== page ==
Researchers at University of California, Los Angeles (UCLA) have explained why Saturn's largest moon, Titan, has what looks like an enormous white arrow about the size of Texas on its surface.

The researchers used a global circulation model of Titan to demonstrate how planetary-scale atmospheric waves affect the moon’s weather patterns, leading to a “stencilling” effect that results in sharp and sometimes surprising cloud shapes.

The study was published in the Aug. 14 online edition of the journal Nature Geoscience.

"These atmospheric waves are somewhat like the natural, resonant vibration of a wine glass. Individual clouds might 'ring the bell', so to speak, and once the ringing starts, the clouds have to respond to that vibration,” said Jonathan L. Mitchell, an assistant professor of earth and space sciences and atmospheric and ocean sciences at UCLA who also led the research group.

Scientists have learned more about Saturn and its moon in recent years after the launch of NASA's Cassini Spacecraft, which has been in orbit around the distinctive planet since late 2004. The spacecraft has revolutionized scientists' understanding of Titan, which is the second-biggest moon in the solar system aside from Jupiter's Ganymede and is larger in volume than the planet Mercury.

The clouds resulting from Titan's atmospheric waves can cause precipitation up to 20 times the average seasonal rainfall, which researchers believe could be the key to the shaping of its surface by erosion. That would explain the presence of what appears to be numerous river patterns on the surface of the moon.

Researchers described Titan's climate as "all-tropics", with the entire planet experiencing the sort of weather that's only found near the equator on Earth.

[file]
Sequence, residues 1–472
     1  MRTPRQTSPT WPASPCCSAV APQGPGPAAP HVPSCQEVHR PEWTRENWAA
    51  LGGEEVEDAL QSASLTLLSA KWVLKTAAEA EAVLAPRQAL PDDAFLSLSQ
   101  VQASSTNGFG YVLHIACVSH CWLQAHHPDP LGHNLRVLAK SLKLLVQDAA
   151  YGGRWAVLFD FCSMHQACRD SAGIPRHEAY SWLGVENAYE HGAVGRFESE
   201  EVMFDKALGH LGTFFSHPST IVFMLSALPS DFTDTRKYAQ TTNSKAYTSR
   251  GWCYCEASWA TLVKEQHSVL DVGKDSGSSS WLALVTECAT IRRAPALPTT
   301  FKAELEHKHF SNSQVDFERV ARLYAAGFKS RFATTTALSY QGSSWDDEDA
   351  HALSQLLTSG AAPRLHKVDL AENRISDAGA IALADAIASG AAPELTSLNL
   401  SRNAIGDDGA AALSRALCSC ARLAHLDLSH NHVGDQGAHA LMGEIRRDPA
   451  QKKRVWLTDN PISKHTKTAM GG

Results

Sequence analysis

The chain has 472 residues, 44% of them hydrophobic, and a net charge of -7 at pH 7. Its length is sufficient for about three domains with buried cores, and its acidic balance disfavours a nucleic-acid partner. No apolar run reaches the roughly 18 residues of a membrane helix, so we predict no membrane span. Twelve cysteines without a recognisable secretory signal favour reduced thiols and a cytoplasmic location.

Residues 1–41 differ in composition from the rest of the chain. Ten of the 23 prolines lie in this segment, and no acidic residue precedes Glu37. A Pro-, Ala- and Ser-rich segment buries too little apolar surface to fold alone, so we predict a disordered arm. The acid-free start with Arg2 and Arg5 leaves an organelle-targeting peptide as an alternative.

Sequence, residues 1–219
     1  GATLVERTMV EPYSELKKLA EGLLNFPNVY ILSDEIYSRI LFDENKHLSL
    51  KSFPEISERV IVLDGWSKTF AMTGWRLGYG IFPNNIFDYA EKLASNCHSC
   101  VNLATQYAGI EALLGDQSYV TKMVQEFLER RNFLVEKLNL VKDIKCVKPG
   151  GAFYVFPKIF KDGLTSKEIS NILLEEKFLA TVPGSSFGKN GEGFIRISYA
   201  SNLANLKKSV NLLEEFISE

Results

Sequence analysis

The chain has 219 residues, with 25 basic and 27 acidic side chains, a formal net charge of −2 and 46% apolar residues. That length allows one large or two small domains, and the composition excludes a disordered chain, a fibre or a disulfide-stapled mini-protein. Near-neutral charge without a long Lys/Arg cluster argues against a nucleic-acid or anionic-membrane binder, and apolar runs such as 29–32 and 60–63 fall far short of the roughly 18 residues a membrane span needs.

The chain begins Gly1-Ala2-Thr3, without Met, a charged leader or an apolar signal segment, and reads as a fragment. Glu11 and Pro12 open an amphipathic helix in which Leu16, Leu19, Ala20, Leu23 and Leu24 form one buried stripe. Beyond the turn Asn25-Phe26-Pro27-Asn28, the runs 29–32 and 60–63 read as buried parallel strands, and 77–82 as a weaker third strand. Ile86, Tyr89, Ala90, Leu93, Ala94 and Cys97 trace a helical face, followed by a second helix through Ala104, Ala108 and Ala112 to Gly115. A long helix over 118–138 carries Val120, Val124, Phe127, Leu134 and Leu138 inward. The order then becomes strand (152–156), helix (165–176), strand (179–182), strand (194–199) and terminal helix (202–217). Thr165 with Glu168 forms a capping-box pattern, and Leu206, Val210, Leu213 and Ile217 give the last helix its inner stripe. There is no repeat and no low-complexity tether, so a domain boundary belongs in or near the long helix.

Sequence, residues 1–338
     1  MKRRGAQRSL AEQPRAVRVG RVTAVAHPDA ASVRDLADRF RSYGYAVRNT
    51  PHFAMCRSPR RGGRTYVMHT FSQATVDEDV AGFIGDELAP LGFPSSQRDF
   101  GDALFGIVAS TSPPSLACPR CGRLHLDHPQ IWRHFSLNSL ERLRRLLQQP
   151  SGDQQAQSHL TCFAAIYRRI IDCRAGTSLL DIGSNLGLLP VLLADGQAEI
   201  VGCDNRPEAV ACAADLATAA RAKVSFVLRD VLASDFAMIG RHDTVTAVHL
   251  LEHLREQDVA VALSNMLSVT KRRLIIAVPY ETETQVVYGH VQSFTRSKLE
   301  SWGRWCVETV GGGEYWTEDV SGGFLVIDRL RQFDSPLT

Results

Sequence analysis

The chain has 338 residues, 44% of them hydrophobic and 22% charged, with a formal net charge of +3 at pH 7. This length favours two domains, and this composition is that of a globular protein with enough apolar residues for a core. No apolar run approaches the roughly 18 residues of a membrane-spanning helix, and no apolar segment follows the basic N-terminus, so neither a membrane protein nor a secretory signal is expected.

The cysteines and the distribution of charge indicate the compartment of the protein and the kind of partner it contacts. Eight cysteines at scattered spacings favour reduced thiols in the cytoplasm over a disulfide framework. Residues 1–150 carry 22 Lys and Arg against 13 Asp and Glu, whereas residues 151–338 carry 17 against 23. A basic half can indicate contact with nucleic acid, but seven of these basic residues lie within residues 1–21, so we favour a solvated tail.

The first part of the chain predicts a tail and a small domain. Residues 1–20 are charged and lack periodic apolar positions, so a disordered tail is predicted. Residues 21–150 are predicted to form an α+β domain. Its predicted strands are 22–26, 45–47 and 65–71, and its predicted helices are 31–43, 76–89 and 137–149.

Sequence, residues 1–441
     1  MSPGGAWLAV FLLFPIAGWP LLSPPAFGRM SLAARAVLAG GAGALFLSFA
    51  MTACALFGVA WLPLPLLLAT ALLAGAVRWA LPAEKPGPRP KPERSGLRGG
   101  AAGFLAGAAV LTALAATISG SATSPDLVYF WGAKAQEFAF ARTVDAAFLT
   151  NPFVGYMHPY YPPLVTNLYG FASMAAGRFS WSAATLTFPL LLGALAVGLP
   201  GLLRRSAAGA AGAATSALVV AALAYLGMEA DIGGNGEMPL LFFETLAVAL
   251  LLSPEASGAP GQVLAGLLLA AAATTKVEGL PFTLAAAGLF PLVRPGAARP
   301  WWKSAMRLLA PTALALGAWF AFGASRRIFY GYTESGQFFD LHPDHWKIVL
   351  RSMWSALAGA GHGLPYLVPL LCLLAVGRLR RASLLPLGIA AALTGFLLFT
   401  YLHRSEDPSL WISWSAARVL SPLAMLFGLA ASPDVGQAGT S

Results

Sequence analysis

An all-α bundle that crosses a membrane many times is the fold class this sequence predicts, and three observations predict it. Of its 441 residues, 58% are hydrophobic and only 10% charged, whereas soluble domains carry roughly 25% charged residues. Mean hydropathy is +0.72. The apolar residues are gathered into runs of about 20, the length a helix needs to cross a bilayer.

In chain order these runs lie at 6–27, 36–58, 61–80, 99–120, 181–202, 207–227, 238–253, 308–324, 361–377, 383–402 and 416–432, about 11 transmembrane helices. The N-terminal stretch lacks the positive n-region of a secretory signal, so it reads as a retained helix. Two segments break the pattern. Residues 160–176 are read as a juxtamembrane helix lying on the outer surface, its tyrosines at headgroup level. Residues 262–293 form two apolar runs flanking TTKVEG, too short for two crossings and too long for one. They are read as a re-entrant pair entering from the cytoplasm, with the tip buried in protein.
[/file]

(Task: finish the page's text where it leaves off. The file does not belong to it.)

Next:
"Our new results demonstrate the power of this analogy, not only for general features of Titan's climate but also for individual storms. In future work, we plan to extend our analysis to other Titan observations and make predictions of what clouds might be observed during the upcoming season,” Mitchell said.

"Titan is like Earth's strange sibling — the only other rocky body in the solar system that currently experiences rain," Mitchell said.

While Titan is an alien moon, researchers said it shares many similarities with Earth. The main component of its atmosphere is also molecular nitrogen and water is abundant, although it is frozen in the crust at extremely low temperatures. In addition, like Earth, methane is thermodynamically active in the lower atmospheres, which form rain clouds that are resupplied from surface sources, much like water vapor on our planet.

Researchers hypothesize that Earth may have had an atmosphere like Titan's - with large amounts of methane and limited oxygen - shortly after its atmosphere formed. It is possible that methane provided a necessary greenhouse warming that prevented Earth from staying in a frozen state.

"Therefore, by studying Titan's modern climate, we may gain new insights about the way the early Earth's climate was," Mitchell said.